Fri, 14 Oct 2016 21:48:00 +0000

What is the best thing about the law? That it changes all the time. What is the worst thing about the law? That it changes all the time! If one thing can be said about the practice of law for your Las Vegas Personal Injury Lawyer, is that she is always being challenged to keep up with the changes in the law. Today’s blog deals with the exciting new developments for personal injury cases in Las Vegas Justice Court. In the past, Las Vegas Justice Court and it’s Small Claims counterpart, both had max awards limits of $10,000 per injured person. Starting on January 1, 2017, Las Vegas Justice Court will increase its jurisdictional limit from the present $10,000 to $15,000.  Small Claims Court will keep its trial award limits of $10,000. Your Las Vegas Personal Injury Attorney will tell you that the benefit of Small Claims Court is that your case will go to trial generally within a few months of filing your lawsuit and trials generally last less than an hour. This is a quick and efficient way to resolve a smaller personal injury claim. However, Small Claims Court does not allow for the award of any attorney’s fees. The great part of Las Vegas Justice Court, is that attorney’s fees can be awarded to the winning party. If your Las Vegas Personal Injury Attorney recommends that you should file your case in Justice Court, you will usually have a trial date within 6 months. Trials are also limited to one day. While it takes a little longer to go to trial, as compared to Small Claims Court, the damages limit is $15,000, as compared to the lower $10,000 in Small Claims Court. Justice Court also has the added bonus that the Court can award attorney’s fees and costs. If you case has a value of over $15,000, the other option to your Las Vegas Personal Injury Attorney is to file your lawsuit in District Court. Yet, in District Court, special hurdles exist to get to trial, if your case is valued at less than $50,000. In those instances, you have to go through a “non-binding” arbitration program before you ever get to trial. It usually takes about 6 to 9 months to get your arbitration hearing. Since this special program is “non-binding”, any party who doesn’t like the Arbitrator’s decision can ask for an actual trial. The additional wait to get a trial, may be up to 6-9 months. So, it could take up to two years to resolve smaller cases. This is why Justice Court is a great new option for smaller Las Vegas Injury Cases. Talk to your Las Vegas Personal Injury Lawyer about which court is best for your case. Next time, we will talk about new developments in driverless cars.[...]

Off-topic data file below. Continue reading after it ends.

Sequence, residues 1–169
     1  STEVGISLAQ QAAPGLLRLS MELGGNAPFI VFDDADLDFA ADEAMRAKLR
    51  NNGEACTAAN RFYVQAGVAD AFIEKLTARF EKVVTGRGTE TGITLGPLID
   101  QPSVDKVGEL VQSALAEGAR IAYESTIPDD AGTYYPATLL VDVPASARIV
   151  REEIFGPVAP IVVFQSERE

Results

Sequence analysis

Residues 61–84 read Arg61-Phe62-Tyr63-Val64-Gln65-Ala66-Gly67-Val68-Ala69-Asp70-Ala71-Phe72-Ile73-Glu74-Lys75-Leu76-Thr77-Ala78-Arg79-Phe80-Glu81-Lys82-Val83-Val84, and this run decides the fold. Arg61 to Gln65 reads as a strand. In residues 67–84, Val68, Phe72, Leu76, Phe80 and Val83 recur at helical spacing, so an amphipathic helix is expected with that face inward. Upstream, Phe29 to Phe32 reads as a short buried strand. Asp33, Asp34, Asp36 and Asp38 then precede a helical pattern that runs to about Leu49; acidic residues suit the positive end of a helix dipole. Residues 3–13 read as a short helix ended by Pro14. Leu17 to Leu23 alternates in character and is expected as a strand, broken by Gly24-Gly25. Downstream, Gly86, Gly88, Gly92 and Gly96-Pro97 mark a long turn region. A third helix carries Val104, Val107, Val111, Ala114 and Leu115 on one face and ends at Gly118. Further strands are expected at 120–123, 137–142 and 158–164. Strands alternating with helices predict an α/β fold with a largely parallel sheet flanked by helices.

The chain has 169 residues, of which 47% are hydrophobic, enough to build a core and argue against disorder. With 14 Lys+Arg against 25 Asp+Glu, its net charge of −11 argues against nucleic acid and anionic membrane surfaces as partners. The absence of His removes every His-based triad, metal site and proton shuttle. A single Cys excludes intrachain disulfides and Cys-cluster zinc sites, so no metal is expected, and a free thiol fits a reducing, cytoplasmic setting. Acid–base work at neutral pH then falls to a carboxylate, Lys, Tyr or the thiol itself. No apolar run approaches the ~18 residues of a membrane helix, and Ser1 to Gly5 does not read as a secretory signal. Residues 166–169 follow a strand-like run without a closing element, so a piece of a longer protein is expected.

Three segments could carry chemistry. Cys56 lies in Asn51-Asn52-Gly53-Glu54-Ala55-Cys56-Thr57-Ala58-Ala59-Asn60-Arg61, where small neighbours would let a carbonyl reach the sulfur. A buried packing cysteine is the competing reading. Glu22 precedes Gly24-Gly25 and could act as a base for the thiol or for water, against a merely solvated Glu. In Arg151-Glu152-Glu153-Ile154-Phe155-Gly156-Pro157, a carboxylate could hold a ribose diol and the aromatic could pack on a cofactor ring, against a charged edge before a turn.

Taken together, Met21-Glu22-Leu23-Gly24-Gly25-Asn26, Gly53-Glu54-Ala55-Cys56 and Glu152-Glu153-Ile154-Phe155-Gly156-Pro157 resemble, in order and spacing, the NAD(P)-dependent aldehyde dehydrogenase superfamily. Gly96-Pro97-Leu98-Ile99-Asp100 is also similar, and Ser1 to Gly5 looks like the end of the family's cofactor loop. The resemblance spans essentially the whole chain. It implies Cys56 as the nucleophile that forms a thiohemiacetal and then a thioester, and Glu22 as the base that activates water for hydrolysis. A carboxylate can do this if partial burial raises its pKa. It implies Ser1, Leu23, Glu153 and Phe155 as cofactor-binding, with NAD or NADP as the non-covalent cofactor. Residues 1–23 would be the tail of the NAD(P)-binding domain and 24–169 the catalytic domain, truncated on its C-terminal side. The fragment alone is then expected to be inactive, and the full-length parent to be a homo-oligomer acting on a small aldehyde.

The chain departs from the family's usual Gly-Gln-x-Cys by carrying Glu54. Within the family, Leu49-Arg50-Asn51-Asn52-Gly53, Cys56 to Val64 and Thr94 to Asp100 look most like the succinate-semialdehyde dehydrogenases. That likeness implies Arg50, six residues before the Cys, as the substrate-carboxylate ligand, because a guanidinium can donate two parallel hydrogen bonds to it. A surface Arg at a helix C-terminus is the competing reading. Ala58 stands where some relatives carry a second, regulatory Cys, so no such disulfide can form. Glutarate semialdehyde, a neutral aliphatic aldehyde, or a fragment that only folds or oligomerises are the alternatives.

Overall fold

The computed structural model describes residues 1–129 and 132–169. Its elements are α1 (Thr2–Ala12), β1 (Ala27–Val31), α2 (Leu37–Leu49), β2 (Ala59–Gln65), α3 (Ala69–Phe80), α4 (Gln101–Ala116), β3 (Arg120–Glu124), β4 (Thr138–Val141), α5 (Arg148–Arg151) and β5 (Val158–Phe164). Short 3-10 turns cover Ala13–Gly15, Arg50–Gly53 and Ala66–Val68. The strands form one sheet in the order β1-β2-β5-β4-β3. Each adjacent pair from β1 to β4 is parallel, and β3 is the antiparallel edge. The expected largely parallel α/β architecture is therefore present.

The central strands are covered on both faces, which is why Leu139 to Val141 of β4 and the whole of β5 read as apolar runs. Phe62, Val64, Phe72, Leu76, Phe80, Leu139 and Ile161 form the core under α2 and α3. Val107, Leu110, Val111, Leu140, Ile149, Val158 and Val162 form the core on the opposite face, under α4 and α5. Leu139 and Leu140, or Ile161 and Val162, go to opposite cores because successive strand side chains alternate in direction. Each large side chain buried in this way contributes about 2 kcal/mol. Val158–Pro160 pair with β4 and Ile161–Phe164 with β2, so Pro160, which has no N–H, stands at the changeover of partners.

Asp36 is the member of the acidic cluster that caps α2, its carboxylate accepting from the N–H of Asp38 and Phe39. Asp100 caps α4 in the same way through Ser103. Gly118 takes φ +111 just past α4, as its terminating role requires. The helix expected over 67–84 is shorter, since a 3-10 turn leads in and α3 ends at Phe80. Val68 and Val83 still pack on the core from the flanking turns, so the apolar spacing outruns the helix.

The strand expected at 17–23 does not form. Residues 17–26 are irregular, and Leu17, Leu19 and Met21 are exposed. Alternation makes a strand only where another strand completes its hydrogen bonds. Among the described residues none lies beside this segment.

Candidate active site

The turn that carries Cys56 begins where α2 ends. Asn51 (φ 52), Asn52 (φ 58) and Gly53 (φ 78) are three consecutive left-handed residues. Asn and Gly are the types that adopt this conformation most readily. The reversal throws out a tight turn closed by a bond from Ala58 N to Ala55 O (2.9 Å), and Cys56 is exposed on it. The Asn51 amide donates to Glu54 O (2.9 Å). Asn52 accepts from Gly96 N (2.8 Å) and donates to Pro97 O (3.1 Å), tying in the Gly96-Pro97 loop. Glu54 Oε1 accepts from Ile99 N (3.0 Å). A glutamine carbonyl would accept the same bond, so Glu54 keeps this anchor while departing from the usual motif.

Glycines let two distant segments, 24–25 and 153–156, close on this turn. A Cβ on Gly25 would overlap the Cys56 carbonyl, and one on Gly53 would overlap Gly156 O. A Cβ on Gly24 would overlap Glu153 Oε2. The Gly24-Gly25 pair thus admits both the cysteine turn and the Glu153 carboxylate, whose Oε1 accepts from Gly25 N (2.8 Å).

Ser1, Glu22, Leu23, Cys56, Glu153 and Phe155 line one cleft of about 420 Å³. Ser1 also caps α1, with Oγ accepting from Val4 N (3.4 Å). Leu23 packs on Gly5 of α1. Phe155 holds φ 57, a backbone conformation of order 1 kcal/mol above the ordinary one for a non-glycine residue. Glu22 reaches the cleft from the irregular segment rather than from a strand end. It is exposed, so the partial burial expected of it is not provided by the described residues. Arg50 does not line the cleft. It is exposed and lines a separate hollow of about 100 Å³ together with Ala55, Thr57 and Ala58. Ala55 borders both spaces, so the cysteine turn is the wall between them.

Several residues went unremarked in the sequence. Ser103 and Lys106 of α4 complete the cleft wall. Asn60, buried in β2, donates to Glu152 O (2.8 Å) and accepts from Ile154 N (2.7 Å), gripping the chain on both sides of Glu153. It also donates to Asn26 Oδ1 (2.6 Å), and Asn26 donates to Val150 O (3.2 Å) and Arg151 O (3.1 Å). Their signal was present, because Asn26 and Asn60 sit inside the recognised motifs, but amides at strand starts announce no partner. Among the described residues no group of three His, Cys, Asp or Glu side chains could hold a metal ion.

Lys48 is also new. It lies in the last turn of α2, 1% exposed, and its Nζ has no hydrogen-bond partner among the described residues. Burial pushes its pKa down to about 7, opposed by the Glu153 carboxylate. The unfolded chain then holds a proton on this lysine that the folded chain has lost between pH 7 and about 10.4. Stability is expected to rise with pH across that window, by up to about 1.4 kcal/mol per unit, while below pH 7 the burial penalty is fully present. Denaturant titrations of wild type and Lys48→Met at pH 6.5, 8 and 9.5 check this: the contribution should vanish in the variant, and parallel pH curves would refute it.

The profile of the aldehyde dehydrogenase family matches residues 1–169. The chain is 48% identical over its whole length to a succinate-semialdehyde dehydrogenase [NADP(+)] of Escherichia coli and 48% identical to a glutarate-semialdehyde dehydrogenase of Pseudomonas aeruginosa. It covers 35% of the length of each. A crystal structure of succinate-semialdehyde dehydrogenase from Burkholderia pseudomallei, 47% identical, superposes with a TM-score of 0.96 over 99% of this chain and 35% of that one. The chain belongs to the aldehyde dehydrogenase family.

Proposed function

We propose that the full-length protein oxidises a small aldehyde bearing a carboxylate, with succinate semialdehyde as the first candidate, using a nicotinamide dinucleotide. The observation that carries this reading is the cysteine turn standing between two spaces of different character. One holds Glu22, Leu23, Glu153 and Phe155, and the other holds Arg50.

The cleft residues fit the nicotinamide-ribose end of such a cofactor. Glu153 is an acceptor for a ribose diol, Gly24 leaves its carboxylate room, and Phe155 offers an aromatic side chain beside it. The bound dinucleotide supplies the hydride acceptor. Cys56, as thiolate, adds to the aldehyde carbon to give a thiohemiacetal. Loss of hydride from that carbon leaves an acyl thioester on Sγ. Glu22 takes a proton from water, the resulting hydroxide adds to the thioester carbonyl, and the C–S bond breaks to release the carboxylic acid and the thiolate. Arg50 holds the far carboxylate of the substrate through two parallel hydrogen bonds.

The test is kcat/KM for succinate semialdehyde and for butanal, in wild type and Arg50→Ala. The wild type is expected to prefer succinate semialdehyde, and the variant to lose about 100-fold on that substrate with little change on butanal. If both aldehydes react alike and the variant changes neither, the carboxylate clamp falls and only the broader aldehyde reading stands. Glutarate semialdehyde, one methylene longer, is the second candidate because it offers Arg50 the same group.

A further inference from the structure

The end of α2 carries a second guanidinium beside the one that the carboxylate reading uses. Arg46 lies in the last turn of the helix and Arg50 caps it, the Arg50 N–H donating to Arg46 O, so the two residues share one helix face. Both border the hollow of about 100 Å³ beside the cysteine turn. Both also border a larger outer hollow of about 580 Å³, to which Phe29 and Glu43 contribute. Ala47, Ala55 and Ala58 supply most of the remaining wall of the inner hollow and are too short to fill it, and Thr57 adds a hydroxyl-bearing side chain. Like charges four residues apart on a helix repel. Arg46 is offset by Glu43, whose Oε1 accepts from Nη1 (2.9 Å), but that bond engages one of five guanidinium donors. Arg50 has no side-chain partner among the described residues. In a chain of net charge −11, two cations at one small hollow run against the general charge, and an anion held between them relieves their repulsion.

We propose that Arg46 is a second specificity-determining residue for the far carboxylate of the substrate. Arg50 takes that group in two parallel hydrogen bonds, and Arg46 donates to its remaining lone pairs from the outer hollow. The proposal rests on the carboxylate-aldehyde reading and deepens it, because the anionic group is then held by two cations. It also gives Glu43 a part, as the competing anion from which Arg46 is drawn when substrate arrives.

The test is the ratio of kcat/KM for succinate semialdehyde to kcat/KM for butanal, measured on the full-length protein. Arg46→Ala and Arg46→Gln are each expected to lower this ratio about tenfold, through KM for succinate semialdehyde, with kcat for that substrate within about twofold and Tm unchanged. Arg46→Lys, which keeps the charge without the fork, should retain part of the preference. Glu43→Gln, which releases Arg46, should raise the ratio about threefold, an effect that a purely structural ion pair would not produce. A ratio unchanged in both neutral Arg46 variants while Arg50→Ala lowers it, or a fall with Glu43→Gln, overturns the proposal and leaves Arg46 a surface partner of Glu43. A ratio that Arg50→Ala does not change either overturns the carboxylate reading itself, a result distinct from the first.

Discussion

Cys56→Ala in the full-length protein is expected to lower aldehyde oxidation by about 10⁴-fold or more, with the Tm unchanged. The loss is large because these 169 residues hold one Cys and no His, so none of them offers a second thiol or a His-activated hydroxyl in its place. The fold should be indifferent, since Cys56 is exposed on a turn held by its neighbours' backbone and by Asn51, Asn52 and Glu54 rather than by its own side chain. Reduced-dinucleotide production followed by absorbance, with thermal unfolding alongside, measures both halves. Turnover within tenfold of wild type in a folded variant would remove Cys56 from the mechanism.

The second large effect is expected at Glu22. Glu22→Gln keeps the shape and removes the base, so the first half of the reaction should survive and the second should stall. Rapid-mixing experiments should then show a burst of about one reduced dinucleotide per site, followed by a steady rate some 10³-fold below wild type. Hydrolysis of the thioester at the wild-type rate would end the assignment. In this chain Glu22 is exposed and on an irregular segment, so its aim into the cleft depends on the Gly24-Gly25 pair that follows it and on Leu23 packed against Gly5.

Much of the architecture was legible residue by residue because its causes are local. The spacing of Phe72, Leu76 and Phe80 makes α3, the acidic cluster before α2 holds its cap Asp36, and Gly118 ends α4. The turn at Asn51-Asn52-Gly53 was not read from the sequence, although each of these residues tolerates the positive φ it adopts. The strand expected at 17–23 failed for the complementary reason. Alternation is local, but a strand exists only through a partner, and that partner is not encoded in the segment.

What Happens When you Want to Serve a Foreign Company with a Lawsuit?

Wed, 21 Sep 2016 15:39:00 +0000